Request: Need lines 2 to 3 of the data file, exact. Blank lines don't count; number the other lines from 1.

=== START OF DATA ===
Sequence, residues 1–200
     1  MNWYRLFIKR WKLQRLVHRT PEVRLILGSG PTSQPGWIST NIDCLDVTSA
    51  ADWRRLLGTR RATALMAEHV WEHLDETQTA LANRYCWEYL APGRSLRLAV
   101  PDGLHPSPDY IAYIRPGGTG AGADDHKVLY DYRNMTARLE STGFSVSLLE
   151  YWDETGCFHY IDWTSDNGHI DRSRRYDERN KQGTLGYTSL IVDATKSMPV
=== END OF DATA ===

     1  MNWYRLFIKR WKLQRLVHRT PEVRLILGSG PTSQPGWIST NIDCLDVTSA
    51  ADWRRLLGTR RATALMAEHV WEHLDETQTA LANRYCWEYL APGRSLRLAV